Hem uses shapes from manipulated 3D models of their products for a new visual identity
Also welcoming renowned British designer Faye Toogood and new designs by Anderssen & Voll to the family.
11 Nov 2020

Founder Petrus Palmér describes how the new identity, designed by London-based branding agency Made Thought, is a representation of the design brand’s commitment to innovation.

— The expressive colour palette reflects our style and playful tone, while also marking the significant growth and the vibrant position we’ve earned across the world of contemporary design. The new typeface, Hem Sans, by leading Swedish typographer Göran Söderström of Letters from Sweden, continues this evolution. It’s a re-imagining of a Geometric Sans Serif, with unexpected shapes such as sharp corners on certain letters and square punctuation and long, curved tails on the lowercase ”y” and ”t”. It also pays respect to the rich history of geometry that exists within architecture and interior design, he says.

In order to create the new brand identity, Made Thought immersed themselves in the world of Hem, spending time with the team at the Stockholm HQ. The result retained the playful creativity of Hem’s existing brand.

— It [the brand] offers imagination and creativity in abundance alongside their obsession with quality and detail. We wanted to create an identity that stood apart from the more expected visual codes of control and precision and instead focus on expressing their personality and character, to create a visual language that was engaging, personable, and unexpected, says Garett Duncan from Made Thought, who worked on the new identity.

As part of the identity, Made Thought has extracted a series of core shapes that will make up an essential element of the new branding. These shapes have been taken from 3D models of Hem products, such as the Alphabeta Pendant Light and the Last Stool, which have been manipulated to create flat, graphic shapes that will be used to represent key product categories across packaging and promotional materials.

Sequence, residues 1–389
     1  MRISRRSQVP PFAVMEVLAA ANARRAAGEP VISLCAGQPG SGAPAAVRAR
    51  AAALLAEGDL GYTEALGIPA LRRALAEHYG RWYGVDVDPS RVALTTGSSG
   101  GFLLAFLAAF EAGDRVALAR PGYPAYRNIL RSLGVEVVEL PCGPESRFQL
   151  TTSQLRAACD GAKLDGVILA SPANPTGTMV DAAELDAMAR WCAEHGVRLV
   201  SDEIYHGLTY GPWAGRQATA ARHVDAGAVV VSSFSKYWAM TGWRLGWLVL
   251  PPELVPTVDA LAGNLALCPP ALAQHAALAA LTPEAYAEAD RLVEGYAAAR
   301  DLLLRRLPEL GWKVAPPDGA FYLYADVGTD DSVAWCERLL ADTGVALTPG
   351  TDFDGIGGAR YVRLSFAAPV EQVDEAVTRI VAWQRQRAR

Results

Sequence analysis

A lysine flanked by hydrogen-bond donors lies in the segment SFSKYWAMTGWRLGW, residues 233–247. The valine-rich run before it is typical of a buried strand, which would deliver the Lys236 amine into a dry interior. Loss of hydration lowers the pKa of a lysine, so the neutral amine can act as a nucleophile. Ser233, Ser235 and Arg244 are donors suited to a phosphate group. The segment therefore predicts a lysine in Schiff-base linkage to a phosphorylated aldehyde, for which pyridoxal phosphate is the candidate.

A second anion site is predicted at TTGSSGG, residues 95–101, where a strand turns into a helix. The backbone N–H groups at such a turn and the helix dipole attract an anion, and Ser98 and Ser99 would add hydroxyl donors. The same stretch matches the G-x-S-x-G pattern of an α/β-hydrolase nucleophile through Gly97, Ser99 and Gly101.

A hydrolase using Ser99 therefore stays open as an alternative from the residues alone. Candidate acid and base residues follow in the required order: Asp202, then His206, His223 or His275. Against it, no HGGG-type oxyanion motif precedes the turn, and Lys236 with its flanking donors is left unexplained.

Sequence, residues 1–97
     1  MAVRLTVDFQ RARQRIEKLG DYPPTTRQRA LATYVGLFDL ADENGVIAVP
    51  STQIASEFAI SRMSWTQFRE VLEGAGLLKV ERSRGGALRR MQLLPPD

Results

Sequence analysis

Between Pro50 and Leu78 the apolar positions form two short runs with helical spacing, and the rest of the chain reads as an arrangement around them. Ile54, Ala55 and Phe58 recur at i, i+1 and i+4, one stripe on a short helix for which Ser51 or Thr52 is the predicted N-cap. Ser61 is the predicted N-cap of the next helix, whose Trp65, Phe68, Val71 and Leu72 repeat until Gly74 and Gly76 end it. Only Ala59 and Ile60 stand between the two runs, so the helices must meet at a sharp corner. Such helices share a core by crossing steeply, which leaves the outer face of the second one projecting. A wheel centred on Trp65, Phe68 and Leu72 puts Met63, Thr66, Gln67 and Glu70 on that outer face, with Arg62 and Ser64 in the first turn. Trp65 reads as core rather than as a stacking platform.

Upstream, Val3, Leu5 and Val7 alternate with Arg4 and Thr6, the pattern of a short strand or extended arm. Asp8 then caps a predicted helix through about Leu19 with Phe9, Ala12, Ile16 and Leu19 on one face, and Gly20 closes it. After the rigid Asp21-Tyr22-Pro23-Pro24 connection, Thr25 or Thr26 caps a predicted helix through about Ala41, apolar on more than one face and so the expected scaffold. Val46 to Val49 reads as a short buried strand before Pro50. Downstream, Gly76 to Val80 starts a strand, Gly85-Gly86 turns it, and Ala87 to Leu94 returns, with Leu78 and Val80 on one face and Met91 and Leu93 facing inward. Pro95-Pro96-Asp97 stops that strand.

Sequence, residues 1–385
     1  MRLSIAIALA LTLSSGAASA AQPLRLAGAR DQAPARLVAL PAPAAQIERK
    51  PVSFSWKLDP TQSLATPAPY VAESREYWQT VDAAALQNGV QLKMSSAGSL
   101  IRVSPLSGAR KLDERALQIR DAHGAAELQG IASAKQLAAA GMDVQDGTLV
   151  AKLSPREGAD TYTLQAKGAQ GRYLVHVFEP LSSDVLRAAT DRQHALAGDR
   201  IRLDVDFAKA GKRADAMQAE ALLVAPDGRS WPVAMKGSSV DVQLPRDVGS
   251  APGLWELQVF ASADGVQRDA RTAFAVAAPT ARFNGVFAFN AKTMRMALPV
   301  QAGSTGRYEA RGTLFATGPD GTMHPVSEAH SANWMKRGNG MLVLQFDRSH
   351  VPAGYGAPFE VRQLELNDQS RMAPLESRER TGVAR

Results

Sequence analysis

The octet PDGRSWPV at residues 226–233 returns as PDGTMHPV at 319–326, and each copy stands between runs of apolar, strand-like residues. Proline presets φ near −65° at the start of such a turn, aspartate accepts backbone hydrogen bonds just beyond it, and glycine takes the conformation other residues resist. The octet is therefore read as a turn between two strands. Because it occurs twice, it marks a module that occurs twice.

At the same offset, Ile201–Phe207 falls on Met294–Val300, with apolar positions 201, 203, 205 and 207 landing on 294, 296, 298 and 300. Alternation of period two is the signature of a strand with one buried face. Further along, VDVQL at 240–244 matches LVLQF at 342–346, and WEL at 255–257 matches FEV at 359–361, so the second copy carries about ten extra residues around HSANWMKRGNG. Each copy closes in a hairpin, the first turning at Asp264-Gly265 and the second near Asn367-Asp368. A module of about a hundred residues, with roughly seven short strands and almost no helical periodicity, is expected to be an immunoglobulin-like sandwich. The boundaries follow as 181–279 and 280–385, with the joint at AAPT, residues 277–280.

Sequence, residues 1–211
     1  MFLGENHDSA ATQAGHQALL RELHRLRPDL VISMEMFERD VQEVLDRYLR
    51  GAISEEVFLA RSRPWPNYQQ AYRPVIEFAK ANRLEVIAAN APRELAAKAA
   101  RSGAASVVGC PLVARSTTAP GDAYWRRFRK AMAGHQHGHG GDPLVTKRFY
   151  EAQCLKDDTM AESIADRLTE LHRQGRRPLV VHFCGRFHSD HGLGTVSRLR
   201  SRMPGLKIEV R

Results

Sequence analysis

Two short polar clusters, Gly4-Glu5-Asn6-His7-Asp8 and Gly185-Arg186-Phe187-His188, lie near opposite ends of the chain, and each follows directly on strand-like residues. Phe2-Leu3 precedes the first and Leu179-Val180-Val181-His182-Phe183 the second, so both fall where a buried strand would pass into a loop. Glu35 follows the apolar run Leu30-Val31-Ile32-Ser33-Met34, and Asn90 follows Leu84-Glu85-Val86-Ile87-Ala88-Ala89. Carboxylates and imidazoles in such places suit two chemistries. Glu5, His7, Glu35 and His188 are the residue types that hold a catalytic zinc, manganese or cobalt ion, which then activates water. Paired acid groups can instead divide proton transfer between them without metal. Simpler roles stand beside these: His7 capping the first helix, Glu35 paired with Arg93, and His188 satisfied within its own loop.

This fall also marks Hem’s first collaboration with renowned British designer Faye Toogood for the launch of Puffy Lounge Chair.

— She’s someone we’ve been wanting to work with for a long time, says Petrus Palmér. The lounge chair is the first introduction of our Puffy Seating Collection, which will encompass a range of chair and stool products, offering a tactile new take on the enduring concept of steel-framed furniture. It combines the clinical lines of modernist furniture with a deep, satisfying sense of comfort. The tubular frame peeks out from beneath a detachable upholstery of soft, quilted fabric that sits atop a canvas sling for support. The overall feeling is one of being enveloped in a plumply padded duvet.

The Kumo Sofa is Hem’s most modular sofa system, designed by Norwegian duo Anderssen & Voll back in 2018. This fall, the family is completed with the additions of a corner sofa, ottoman, and a lounge chair.

— It’s built around an innovative metal frame onto which individual cushion components are added. This intelligent design from Anderssen & Voll makes it especially convenient to live with—readily reconfigurable whenever and however you wish. It’s also efficient and responsible to ship thanks to the same quality — it dismantles easily. Like its namesake — Kumo means ”cloud” in Japanese — it’s light and soft as well as clever, with generous, foam-filled cushions covered in a luxurious, highly textured woolen fabric as a final flourish, says Palmér.